Mining Communities Lose Significant Investment
The government's decision to disappear the Mining Fund two years ago aimed to have greater control and management of the resources delivered tomining communities has caused them to lose around US$30 million. This loss of income has placed the development of many of these communities at risk.
Currently, the sector pays annually around MX$400 million for social benefits. However, these no longer directly go to the communities where the minerals are extracted, instead, to where the government decides. By eliminating direct investment, mining communities have been left without MX$640 million (US$31 million), which were used mainly to implement projects that improved their quality of life, said Pablo Méndez, President of the Chihuahua Mining Cluster.
Méndez explained that since 2020, 85 percent of the economic resources obtained by mining companies have been allocated to the Ministry of Public Education, 5 percent to the Ministry of Economy, and 10 percent to government projects. Méndez said the new allocation has affected all communities in the country, especially those that contributed the most to the Mining Fund. He explained thatcommunities used to received 80 percent of this resource, making this revenue much higher than the federal budget allocation for communities.
“It was very difficult for these communities. Imagine that your main income is suddenly removed. It was a strong blow to the finances of each municipality, where projects could be presented but there were no more. Now all this budget goes to the Ministry of Public Education. We only hope that with this money schools will continue to be built for mining municipalities such as Parral, Ocampo, Guerrero, Madera, Ciudad Juárez, Chihuahua and the other 14 communities in the state,” said Méndez.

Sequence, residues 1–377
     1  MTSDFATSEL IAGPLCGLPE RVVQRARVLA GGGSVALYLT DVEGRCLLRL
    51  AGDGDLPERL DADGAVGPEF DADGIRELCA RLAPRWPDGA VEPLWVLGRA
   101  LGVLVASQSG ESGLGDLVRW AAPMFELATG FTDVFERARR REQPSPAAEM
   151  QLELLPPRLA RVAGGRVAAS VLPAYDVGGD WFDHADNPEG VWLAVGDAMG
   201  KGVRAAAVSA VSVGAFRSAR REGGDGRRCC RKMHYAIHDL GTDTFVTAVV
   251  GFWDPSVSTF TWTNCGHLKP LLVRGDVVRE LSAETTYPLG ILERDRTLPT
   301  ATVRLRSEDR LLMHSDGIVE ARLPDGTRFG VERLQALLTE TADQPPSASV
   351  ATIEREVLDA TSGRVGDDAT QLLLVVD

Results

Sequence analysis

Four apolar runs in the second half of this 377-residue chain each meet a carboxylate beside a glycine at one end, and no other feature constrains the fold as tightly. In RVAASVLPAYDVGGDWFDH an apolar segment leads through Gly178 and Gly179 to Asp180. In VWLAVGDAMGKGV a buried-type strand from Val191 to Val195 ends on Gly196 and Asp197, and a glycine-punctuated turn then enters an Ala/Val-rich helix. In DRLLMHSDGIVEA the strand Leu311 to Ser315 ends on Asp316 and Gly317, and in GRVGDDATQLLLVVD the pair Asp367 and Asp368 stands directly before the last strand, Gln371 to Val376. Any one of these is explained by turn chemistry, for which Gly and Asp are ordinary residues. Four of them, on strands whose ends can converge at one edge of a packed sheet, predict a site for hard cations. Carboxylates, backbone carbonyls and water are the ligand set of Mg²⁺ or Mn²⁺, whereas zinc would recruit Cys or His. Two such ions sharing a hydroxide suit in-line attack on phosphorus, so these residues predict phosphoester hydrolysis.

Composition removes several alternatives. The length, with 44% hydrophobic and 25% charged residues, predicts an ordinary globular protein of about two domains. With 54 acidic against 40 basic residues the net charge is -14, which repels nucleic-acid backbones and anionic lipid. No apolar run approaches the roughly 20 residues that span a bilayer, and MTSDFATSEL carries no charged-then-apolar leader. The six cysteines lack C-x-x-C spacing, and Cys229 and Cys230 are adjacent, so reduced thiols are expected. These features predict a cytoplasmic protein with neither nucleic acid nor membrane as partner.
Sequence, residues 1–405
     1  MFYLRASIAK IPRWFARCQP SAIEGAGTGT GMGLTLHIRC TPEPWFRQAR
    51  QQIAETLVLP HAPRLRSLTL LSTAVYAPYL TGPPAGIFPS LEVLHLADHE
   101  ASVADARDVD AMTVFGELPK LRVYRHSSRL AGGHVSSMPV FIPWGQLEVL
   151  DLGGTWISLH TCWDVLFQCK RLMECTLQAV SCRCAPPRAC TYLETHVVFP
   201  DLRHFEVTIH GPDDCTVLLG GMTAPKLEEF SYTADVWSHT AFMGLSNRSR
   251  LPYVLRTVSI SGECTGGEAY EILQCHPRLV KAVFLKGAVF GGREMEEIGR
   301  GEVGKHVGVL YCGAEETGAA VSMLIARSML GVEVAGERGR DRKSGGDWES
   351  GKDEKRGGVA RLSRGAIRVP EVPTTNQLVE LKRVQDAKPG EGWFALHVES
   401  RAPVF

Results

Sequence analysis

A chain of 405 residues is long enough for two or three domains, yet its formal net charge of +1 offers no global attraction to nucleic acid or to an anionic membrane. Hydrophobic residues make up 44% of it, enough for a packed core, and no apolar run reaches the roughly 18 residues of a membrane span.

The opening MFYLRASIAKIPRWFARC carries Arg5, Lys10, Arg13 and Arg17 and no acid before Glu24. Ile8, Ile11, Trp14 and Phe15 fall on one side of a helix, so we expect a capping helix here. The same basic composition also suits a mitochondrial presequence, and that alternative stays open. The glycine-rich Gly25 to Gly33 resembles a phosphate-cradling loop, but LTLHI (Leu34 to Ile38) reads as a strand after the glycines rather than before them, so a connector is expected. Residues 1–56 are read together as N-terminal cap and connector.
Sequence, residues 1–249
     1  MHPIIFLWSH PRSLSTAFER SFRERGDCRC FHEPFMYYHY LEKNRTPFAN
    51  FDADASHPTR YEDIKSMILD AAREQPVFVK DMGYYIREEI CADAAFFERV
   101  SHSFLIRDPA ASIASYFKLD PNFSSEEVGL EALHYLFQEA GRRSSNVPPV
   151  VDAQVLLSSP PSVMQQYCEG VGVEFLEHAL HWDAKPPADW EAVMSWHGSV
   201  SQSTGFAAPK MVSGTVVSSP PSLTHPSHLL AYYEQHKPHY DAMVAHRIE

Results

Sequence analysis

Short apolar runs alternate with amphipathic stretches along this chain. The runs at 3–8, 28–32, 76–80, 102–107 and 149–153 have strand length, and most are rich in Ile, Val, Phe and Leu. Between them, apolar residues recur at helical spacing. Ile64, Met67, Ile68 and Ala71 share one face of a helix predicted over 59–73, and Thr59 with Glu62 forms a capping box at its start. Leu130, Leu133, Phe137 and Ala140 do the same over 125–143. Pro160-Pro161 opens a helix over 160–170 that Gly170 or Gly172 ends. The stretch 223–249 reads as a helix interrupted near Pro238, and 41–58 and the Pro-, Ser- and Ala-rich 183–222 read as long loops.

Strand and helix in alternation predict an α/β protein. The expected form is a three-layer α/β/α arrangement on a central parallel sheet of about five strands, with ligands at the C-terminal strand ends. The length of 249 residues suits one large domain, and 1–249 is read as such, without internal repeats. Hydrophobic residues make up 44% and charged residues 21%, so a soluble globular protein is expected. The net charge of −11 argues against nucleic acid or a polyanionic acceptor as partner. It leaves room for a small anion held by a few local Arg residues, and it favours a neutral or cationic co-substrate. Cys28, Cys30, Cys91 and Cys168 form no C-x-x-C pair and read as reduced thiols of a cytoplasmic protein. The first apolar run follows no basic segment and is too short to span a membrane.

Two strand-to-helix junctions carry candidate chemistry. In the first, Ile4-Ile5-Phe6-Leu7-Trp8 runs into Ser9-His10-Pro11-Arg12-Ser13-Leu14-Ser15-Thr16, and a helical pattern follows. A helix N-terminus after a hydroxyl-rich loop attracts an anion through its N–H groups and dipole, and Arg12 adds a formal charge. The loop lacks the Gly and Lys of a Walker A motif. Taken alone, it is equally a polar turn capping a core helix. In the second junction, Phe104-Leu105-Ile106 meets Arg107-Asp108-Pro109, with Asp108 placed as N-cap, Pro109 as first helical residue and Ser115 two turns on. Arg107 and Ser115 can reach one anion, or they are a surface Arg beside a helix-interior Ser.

The mining sector and communities have said that eliminating the Mining Fund was a big mistake, as it was an important driver for marginalized communities. Bradford Cooke, Founder and CEO of Endeavor Silver, told MBN that the federal government's decision to introduce the mining tax as a way to return some taxes to states and local municipalities was never fully implemented. “Returning the Mining Duties to the local states and municipalities for the benefit of the local communities would be a good way the federal government could help its own citizens.”
Since the dissapearence of the Mining Fund, many legislators and governors have proposed to reactivate it. If one of the many proposals is approved, it is expected that approximately 120 communities would benefit directly. The main arguments are that rural communities have been abandoned since their monetary loss is not replenished by the government and that the decision affected the communities at a critical moment due to the pandemic. For these resources, the reactivation of the Mining Fund is key to guaranteeing that the development of these communities continues without being affected.